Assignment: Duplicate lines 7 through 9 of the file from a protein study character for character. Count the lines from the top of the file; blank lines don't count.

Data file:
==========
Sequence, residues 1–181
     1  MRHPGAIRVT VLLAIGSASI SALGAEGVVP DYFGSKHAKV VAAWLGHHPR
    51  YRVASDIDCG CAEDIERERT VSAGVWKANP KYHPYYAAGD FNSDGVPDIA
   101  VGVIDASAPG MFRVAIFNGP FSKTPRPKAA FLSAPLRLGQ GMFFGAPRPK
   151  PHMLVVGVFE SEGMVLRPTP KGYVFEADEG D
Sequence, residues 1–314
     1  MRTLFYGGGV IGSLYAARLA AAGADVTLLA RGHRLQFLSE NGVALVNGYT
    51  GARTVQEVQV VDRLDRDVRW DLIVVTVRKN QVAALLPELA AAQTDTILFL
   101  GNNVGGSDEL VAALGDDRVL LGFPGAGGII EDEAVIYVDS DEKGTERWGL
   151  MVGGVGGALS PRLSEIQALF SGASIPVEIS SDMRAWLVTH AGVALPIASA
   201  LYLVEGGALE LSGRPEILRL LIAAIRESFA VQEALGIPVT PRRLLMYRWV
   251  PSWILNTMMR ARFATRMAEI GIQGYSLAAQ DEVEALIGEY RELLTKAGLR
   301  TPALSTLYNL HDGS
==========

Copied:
     1  MRTLFYGGGV IGSLYAARLA AAGADVTLLA RGHRLQFLSE NGVALVNGYT
    51  GARTVQEVQV VDRLDRDVRW DLIVVTVRKN QVAALLPELA AAQTDTILFL
   101  GNNVGGSDEL VAALGDDRVL LGFPGAGGII EDEAVIYVDS DEKGTERWGL